Cheng Ho and Islam in Southeast Asia
Tan Ta Sen has modestly suggested that, as a book to illustrate the peaceful impact of culture contact, he is concerned to show how such cultural influences not only led to transmissions, conversions and transferences involving Inner Asian Muslims from China and Yunnan Muslims, Chams, Javanese, Malays, Arabs and Indians, but also enabled many Chinese in the Malay world to retain their non-Muslim cultural traits. In placing Cheng Ho's voyages in this context, the author offers a fresh perspective on a momentous set of events in Chinese maritime history. Professor Wang Gungwu, National University of Singapore. Tan Ta Sen's book on Cheng Ho and Islam in Southeast Asia is not the first one on the subject, but it is the first book that puts Cheng Ho's voyages in the larger context of "culture contact" in China and beyond. He has garnered numerous sources, from published documents to architectural sites and buildings, to support his arguments. He has done much more than previous scholars writing on this subject. - Professor Leo Suryadinata, Chinese Heritage Centre (Singapore). This long-awaited book is welcomed by the academic community ... Tan Ta Sen has used historical facts to strengthen the argument on the existence of the "Third Wave," i.e. "the Chinese Wave," in the spread of Islam in the Southeast Asian region. Until now, we only know two major waves, i.e. the India-Gujarat Wave and the Middle East Wave through the development of trade relations. - Professor A. Dahana, University of Indonesia (Jakarta).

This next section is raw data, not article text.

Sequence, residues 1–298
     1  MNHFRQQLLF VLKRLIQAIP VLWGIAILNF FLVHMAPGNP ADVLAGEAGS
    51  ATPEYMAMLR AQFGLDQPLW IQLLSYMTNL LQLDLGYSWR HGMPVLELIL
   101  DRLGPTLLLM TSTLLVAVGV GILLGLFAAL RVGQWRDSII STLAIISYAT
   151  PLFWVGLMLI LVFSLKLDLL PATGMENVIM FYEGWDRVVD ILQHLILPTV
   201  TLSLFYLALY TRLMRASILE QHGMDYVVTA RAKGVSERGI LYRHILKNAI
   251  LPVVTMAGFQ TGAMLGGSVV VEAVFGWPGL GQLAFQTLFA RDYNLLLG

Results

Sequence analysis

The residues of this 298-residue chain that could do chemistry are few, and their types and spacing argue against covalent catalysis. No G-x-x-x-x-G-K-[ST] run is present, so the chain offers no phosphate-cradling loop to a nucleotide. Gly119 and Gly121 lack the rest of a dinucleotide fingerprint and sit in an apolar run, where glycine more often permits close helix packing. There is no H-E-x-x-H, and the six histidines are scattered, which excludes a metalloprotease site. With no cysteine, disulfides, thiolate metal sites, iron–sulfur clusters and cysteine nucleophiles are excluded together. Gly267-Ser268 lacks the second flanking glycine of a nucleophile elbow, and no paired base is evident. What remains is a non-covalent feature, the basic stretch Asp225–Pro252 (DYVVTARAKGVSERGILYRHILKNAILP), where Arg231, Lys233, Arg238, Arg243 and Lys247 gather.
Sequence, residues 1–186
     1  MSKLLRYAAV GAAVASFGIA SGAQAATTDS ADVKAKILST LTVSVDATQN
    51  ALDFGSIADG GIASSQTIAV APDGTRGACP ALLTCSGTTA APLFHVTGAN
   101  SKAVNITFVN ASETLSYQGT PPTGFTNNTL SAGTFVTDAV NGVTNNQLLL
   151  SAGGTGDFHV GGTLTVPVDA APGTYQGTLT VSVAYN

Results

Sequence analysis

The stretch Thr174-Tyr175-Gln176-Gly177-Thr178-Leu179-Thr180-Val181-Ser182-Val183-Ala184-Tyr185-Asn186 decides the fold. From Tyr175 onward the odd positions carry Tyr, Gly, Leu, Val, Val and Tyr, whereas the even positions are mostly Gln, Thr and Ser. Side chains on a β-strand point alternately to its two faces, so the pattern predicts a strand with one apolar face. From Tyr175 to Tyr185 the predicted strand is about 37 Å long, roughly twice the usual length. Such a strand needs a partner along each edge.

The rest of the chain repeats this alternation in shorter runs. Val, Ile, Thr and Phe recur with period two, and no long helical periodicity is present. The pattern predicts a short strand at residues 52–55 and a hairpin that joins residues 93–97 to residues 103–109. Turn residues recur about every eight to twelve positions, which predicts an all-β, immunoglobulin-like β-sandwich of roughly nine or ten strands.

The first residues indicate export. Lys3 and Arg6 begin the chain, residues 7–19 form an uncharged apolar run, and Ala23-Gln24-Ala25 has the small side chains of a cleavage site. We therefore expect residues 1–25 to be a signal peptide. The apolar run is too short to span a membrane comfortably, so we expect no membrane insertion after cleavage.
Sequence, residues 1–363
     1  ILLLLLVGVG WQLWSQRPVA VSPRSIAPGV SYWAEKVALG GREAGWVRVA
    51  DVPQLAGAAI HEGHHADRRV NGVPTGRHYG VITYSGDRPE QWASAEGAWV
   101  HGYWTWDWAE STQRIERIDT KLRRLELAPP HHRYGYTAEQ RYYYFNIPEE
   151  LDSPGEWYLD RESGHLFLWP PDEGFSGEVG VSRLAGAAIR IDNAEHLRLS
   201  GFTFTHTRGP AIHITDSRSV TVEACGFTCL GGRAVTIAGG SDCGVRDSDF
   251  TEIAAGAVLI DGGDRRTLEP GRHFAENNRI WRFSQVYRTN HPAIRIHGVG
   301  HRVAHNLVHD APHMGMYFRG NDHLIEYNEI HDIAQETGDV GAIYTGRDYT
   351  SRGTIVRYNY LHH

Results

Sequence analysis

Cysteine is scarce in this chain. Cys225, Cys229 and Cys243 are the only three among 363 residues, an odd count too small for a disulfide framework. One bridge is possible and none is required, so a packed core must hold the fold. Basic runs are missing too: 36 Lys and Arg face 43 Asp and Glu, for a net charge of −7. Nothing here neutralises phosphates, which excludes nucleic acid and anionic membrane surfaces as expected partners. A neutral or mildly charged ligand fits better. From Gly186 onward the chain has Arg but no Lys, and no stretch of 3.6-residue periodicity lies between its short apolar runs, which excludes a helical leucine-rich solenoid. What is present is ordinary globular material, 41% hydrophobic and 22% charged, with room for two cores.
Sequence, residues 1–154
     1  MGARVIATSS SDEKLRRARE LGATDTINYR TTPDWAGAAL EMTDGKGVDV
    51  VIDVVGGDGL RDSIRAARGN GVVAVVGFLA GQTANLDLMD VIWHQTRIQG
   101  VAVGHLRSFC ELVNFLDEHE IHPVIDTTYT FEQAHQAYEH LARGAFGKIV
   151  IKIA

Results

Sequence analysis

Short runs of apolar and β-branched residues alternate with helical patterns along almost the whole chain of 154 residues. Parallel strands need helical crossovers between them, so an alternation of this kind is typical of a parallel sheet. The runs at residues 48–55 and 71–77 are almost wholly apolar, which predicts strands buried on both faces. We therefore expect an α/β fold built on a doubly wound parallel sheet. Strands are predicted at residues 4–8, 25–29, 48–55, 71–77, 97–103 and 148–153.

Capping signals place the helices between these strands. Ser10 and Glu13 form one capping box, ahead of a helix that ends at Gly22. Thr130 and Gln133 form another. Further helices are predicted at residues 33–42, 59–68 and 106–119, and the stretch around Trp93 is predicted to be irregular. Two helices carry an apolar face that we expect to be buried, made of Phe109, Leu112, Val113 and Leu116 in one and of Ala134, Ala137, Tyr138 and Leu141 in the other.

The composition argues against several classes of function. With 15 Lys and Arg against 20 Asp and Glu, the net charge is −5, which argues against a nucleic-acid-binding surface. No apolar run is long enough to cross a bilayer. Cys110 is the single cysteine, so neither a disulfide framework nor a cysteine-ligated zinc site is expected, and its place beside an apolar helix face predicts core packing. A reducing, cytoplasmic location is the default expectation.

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Review: Cheng Ho And Islam In Southeast AsiaUser Review - Goodreads
Cheng Ho is first Asia see explorer as I think, he who was sail to south east Asia, Africa and America (not for sure). His masterpieces make the people around the world face